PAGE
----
As the Conservative Party prepares to elect a new leader, the online voting system that could be used to determine Britain’s next prime minister may not be secure, analysts have warned. With the contest to replace Liz Truss already underway and set to last just a week, deploying a virtual voting system at such short notice could prove “dangerous”, one expert told Tech Monitor, particularly as cybercriminals may be seeking to take advantage of the political chaos in the UK.
Following Truss’s resignation yesterday, the Conservatives announced that a week-long leadership contest will take place culminating next Friday. It has been widely reported that MPs will seek to narrow the field down to one candidate to avoid a vote by party members.
However, if two candidates reach the nomination threshold of 100 MPs and cannot be separated, a three-day online vote of the 172,000 Conservative members will take place to determine the winner. Former chancellor Rishi Sunak, leader of the House of Commons Penny Mordaunt, and ex-prime minister Boris Johnson are all in the running for the job.
Is the Conservative online voting system safe?
During this summer’s leadership election, which saw Truss beat Sunak, there was some alarm raised that the online voting system being used by the Tories could be hijacked by those wishing to influence the election. The National Cyber Security Centre (NCSC) caused the election to be delayed by three days after voicing its concerns about the process.
Tory Party Chairman Jake Berry said he believes the system is safe. “Without going into the security measures we will take, for reasoning I’m sure we will understand. We are satisfied that the online voting system is secure,” he told The Telegraph.
The NCSC said it would lend its support to ensuring any online vote goes off without a hitch: “Defending UK democratic and electoral processes is a priority for the NCSC and we work closely with all parliamentary political parties, local authorities and MPs to provide cybersecurity and guidance and support,” an agency statement said.
Other MPs seem less confident. Labour MP Chris Bryant stated his misgivings on Twitter yesterday, saying, “I cannot understand why anyone would run an online ballot with three days of preparation and expect it to go well and unhacked.”
Security analysts are also nervous about different elements of the online voting system. “The system seemingly was secure from what we saw a few weeks ago, but [then] they had ten weeks to play with,” explains Jake Moore, global cybersecurity adviser at security company ESET. “Giving themselves less than a week is extremely dangerous, it increases the risk.”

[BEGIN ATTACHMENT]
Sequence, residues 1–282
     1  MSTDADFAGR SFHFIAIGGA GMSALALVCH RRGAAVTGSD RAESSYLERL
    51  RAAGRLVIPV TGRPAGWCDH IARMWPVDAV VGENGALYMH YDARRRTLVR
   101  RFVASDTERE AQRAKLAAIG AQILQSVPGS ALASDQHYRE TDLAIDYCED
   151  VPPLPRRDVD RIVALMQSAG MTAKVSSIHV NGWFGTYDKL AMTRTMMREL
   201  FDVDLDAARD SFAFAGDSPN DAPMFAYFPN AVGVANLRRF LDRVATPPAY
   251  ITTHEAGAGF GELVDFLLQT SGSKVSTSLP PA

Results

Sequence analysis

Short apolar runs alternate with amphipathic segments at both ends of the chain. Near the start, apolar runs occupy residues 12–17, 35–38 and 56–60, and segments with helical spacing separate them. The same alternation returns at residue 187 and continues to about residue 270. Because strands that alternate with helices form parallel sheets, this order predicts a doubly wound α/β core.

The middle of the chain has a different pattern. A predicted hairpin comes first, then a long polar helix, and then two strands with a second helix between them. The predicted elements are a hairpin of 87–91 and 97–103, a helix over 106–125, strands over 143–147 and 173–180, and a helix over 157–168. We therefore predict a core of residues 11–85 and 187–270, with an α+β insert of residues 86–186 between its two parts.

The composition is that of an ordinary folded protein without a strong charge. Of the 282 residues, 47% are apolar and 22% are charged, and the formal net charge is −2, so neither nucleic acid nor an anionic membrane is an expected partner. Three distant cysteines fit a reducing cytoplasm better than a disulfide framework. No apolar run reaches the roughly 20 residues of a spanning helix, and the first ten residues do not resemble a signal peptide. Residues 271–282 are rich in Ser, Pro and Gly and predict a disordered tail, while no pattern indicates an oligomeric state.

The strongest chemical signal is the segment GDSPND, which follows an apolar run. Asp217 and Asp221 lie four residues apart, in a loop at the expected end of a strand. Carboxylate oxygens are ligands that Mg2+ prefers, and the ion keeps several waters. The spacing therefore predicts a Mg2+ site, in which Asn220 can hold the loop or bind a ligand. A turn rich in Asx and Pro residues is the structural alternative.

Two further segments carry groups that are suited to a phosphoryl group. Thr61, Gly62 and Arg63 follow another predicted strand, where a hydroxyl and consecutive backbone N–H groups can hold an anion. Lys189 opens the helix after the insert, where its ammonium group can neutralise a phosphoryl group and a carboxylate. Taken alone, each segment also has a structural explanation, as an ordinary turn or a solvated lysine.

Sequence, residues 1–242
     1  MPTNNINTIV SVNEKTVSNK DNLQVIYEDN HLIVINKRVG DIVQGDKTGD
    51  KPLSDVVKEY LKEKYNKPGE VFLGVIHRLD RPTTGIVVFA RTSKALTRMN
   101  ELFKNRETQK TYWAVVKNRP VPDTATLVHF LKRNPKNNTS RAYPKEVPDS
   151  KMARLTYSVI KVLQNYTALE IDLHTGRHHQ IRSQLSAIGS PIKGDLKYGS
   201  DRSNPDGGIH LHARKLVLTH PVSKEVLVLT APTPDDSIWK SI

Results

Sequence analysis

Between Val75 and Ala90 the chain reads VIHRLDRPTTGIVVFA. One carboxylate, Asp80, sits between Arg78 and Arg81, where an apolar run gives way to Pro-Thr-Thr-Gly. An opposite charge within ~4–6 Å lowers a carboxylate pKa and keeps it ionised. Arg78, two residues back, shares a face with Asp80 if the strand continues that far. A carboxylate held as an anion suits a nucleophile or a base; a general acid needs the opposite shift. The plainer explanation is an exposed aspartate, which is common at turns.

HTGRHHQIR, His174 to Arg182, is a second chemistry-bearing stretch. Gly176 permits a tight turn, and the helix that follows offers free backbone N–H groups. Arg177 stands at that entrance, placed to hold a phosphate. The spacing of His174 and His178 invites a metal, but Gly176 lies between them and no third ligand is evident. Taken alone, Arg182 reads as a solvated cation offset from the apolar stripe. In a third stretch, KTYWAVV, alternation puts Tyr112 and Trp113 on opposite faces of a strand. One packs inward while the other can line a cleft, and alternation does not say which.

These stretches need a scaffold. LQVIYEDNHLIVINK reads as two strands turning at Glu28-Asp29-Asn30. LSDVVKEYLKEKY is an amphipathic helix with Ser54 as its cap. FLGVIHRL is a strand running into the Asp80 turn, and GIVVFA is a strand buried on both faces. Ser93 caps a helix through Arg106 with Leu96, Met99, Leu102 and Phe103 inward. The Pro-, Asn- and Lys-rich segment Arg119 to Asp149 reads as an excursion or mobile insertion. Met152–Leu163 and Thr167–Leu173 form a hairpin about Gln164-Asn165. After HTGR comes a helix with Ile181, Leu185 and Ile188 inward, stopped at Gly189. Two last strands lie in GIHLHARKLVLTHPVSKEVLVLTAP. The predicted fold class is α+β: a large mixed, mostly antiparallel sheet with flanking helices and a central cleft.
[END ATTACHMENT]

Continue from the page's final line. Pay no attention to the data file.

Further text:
Nation state-backed cybercriminals could see the contest as an opportunity to launch a high-profile attack, he says, adding that Truss’s chaotic 44 days in office will have increased the UK’s profile in the cybercrime world. “It raises a flag, putting a target on the UK,” he says. That’s the embarrassment and the potential worry.”
“Nation-state [hackers] are good at seeing opportunities like this. And that opportunity may not have been assessed correctly by our security process because there’s so much going on.”
An attack on the voting system could be damaging to public trust in the process, Moore argues. “It’s possible it would undermine confidence we have with government systems. As soon as that goes, it can take years to repair,” he says. “The next time it’s used, even if it’s watertight, you’ll still have people and potentially other parties questioning how the processes were adhered to.”
The size of the vote makes it even easier to manipulate, adds Dan McLoughlin, field CTO of cybersecurity company One Span. “These votes will not be national, this is a very small subset of the electorate,” he says. “As such this means that a strategically important vote with potential interest from bad actors is being held with what we could speculate to be average corporate security levels.”
Elections a common target for hackers
The NCSC’s concern in August stemmed from the fact members could go back into the system and change their vote if they changed their mind on their favoured candidate. This was viewed as a security risk, and has now been remedied.
But there may be other flaws that have not been dealt with. “A state-sponsored attack may find any number of holes in the system,” McLoughlin says.
Russia, China and Iran have all been accused of attempting to hack into and manipulate elections around the world. The FBI and the US Cybersecurity and Infrastructure Security Agency released a joint advisory earlier this month detailing that cybercriminals are “likely to use misinformation tactics” during the 2022 midterm elections in the US.
The advisory warns of the risks of “malicious cyber activity targeting election infrastructure,” adding that it is on high alert for potential threats during election time.